The Perfect Dictatorship: Fiction Meets Mexican Reality
EspañolIn 1990, liberal writer Mario Vargas Llosa described Mexico’s ruling Institutional Revolutionary Party (PRI) as the “perfect dictatorship,” due to the veil of democracy that cloaked them at that time.
Now, after many years in opposition, the PRI has returned to govern Mexico with President Enrique Peña Nieto. In his almost three years at the helm, the president has had to confront corruption scandals, a shortage of financial resources, the kidnapping and killing of students, and a bloody war against narco-trafficking.
Twenty-five years have passed since Vargas Llosa’s declaration. But the film La Dictadura Perfecta (The Perfect Dictatorship) brings how the PRI currently governs up to date in a crude but effective way. It shows how the party can control the media, and thus control public opinion, and the most crucial element of politics: perceptions.
Directed and produced by Luis Estrada, this cinematographic piece of fiction begins with the kind of slip-up that every Latin-American president regularly makes in unguarded comments. Sergio Mayer, playing the role of the Mexican head of state — unnamed, but notably similar in appearance to Peña Nieto — sends the following message to his US counterpart Barack Obama: “Mexicans work better than the blacks.”
In every country in Latin America, more than one politician has fallen to such a gaffe without the news going beyond domestic borders. There are some truths too tough and dark to be voiced publicly.
However, in the film, the leaked comment provokes public criticism and mockery of the Mexican leader. His government decides that it has to bury the scandal at any cost, electing to expose the governor of Durango State in a corruption case.
It is at this point in the plot that the film begins a strong critique of how the PRI, in conjunction with Televisa — the largest and most powerful TV broadcaster in Latin America — can manipulate facts and information, falsify events, and even anoint presidents.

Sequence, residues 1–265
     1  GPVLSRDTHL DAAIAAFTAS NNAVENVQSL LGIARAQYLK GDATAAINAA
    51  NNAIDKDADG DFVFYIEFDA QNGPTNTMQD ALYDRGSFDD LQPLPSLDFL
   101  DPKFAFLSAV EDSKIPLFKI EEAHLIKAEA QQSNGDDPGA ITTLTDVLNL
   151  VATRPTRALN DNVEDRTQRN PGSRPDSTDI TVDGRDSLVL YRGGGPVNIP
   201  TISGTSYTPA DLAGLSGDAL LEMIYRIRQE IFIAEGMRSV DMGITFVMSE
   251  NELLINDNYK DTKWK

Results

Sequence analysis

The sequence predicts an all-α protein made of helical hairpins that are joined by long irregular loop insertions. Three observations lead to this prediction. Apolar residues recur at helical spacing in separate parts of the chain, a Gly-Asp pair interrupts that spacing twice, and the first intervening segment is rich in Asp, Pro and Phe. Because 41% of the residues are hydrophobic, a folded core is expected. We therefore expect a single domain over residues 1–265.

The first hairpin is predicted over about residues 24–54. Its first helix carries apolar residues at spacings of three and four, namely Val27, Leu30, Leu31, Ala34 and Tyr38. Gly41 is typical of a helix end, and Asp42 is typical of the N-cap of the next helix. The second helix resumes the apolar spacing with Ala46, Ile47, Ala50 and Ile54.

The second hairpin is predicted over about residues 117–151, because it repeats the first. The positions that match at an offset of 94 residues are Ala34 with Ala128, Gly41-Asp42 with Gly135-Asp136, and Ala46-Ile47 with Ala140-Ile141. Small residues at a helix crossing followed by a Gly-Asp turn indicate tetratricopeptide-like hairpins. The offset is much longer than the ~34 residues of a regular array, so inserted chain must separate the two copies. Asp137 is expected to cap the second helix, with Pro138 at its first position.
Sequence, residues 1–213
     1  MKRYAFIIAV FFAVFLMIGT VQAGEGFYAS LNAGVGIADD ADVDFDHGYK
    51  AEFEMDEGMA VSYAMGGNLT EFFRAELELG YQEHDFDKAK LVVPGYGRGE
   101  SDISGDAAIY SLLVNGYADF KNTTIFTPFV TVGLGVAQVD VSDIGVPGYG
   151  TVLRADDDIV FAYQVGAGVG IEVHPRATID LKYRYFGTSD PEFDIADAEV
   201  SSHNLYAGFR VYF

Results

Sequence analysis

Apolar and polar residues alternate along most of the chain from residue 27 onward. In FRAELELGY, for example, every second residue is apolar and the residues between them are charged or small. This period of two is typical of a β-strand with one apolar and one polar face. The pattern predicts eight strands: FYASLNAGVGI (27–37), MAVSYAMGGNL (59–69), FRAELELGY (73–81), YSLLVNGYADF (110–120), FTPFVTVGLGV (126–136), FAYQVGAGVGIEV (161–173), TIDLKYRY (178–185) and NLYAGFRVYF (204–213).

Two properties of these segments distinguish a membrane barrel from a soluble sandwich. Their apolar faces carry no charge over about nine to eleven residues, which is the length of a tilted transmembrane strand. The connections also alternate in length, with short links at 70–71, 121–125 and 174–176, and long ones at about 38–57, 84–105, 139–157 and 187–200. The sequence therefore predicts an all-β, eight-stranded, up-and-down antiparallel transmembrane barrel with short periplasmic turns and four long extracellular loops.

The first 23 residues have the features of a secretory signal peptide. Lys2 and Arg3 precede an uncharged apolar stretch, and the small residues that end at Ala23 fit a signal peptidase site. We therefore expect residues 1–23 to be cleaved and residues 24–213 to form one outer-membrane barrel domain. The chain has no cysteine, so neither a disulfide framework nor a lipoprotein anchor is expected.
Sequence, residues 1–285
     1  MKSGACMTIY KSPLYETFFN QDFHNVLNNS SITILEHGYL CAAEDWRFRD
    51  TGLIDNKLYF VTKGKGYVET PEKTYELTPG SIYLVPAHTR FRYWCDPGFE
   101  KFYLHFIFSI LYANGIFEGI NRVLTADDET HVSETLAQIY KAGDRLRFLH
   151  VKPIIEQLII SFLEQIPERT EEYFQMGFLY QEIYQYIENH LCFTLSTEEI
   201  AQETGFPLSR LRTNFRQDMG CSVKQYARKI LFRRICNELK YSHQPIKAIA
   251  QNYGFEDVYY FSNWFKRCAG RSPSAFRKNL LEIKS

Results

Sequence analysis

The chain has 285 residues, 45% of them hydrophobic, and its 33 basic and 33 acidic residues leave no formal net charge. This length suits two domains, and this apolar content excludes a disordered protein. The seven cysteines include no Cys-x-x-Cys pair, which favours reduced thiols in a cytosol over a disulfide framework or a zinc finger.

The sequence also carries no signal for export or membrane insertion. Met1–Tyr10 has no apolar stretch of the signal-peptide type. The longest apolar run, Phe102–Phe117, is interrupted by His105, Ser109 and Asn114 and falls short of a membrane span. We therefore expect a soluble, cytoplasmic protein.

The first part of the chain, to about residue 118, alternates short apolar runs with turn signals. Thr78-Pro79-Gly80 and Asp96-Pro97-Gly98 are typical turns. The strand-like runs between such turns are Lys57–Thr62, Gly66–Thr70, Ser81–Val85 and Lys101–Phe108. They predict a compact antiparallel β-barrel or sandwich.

It’s striking how this film portrays details which are almost imperceptible in day-to-day life, but which hugely affect whether the news is trustworthy or otherwise, and how media manipulation can help the president become bulletproof from criticism and thus direct corrupt activities from the very heart of power.
The key figure at the center of the story is Governor Carmelo Vargas, a corrupt, unscrupulous, and cynical man, with a superiority complex and a foul mouth. He’s a populist blinded by his lust for power, and capable of doing whatever it takes to make it to the top. In a bid to clean up his image, he signs an expensive contract with Mexico’s most powerful channel, Televisión Mexicana, giving him the clout to distract public opinion, destroy the opposition, and even reach the highest office in the land.
The film features four moments of contemporary Mexican politics which the real-life Televisa orchestrated to perfection: “the television candidate,” as Peña-Nieto was himself called; the video scandals which have become commonplace; the shadowy Paulette case, through which the media called attention away from other scandals; and the capture of Florence Cassez, a moment mirrored at the end of the film, which ends up exonerating Governor Vargas from corruption charges.
Such harsh criticism hasn’t gone unnoticed by the Mexican government. Sergio Mayer has been refused entry to the official Los Pinos residency, for example. Meanwhile, Arath de la Torre, who plays a corrupt advisor, has received death threats; apparently, his performance was too close to the bone.
This isn’t the first time that the PRI has shown itself to be intolerant towards a film that criticizes its activities. The PRI censored Rojo Amanecer, a 1989 film which portrayed the 1968 massacre of Tlatelolco in which the government of the day murdered hundreds of students who were protesting in the city’s Plaza de las Tres Culturas. The film wasn’t shown until a decade after its filming, when the PRI was no longer in power.
I was personally struck by how The Perfect Dictatorship demonstrated once more how reality is stranger than fiction.
The day after watching the movie, the headlines and principal news segments across Mexican media were nothing but blanket coverage of the wedding of the Governor of Chiapas State, Manuel Velasco, with the actress and singer Anahí. The ceremony bore a notable similarity to one of the final scenes in the film, in which Vargas marries a television actress to boost his popularity with the public.
With impeccable design, excellent music, and a script that mirrors reality throughout, The Perfect Dictatorship portrays how politics and media combine to make a toxic public sphere, bringing a spiral of corruption, deceit, and lust for power that leaves society as a whole the victim of total manipulation.